Gabriola author Wendy Phillips launches her new book, Baggage, at Gabriola Public Library on May 25. (Photo courtesy Ramon Klose)

Governor General’s Award-winning author launches her new book

Wendy Phillips’s ‘Baggage’ is told in experimental ‘free verse’ style

After Wendy Phillips’s first novel Fishtailing won the Governor General’s Award for Children’s Literature in 2010, she was reluctant to get started on a follow-up. She said she was wary of the “sophomore curse.”

“There was a certain amount of avoidance afterwards. It was pretty challenging,” said Phillips, who retired from teaching and moved from Richmond to Gabriola Island last summer to write full time.

Phillips spent most of the last decade writing in bursts whenever and wherever inspiration struck her. She finally completed her second novel while on a Caribbean cruise when everyone else was off drinking by the pool. That book, Baggage, was published at the beginning of May and Phillips is holding a book launch at the Gabriola Public Library on May 25.

Baggage follows a young African refugee boy of questionable origin who is abandoned at the Vancouver Airport. Robbed of his documentation and with child traffickers “swirling in the background” the boy meets a group of Canadian children returning from a trip to Japan who campaign to have him remain in Canada and “fight the government bureaucracy that wants to send him back.”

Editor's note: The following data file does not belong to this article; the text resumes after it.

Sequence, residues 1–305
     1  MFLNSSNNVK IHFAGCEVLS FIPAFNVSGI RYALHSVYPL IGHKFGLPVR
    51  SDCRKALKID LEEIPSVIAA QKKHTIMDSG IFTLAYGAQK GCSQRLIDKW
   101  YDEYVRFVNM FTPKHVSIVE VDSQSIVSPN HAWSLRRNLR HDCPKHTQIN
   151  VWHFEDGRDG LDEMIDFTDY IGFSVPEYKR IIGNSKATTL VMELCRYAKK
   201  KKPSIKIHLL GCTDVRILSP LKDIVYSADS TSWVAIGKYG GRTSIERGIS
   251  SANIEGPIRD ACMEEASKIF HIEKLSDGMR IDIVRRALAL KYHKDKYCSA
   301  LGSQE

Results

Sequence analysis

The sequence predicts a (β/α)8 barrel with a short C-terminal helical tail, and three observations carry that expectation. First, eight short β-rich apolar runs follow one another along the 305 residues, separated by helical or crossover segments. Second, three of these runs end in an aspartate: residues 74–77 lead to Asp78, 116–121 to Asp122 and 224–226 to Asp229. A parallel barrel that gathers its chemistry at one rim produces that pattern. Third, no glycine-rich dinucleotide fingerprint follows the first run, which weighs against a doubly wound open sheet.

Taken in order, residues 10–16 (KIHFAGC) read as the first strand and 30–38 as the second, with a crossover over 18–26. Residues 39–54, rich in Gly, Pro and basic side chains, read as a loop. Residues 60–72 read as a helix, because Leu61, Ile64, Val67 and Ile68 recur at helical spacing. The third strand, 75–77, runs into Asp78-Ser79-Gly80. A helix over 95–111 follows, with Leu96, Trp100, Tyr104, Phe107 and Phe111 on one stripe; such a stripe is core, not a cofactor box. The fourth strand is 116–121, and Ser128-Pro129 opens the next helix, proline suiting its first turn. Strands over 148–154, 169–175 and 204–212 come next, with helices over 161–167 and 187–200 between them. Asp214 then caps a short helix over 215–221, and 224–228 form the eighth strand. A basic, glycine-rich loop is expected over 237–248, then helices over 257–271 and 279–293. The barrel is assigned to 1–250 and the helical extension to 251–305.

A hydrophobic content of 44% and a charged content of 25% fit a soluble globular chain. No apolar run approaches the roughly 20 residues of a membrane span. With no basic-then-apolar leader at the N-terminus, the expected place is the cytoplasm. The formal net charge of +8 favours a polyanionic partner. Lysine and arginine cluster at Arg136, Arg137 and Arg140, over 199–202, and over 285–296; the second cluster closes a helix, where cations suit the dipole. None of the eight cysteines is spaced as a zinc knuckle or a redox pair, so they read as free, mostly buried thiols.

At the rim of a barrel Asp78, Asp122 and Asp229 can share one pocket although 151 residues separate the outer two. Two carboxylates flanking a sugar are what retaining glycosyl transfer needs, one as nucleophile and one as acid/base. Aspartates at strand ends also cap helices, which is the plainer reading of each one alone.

The book, like its predecessor Fishtailing, is written in free verse form and told from multiple points of view and features a refugee child’s perspective. Phillips said she enjoys the intensity of free verse writing.

“When I was working as a teacher librarian in Richmond, I was working with students who sometimes had challenges reading extended prose, but also in this day of instant gratification they wanted to cut to the chase and get right to the good parts,” she said. “And this style is sort of a novel, the ‘good parts’ version.”

She said the poetic nature has a natural appeal for young adults.

“In my mind a lot of teenagers think in poetry. Even if they’re not aware of it they think in these really intense moments and everything in between is a little bit dull and then they have these intense moments of peak excitement,” Phillips said. “And I don’t know if it comes with hormones or just a way of looking at the world, but it’s got an intensity to it that I think is really reflected in poetry.”

Despite penning “young adult” novels, Phillips doesn’t shy away from heavy topics, but she said she’s unsure if she would write differently for adults.

“I don’t know that there are particularly limits anymore for young adult books,” she said. “I’ve read a lot of them, I write reviews of them for review journals and there doesn’t seem to be any holds barred anymore. But I think the key element is at the end there needs to be some – even if it’s not the main message – some message of hope.”

WHAT’S ON … Wendy Phillips reads from her new book, Baggage, at Gabriola Public Library, 575 North Rd., on Saturday, May 25 at 11 a.m.



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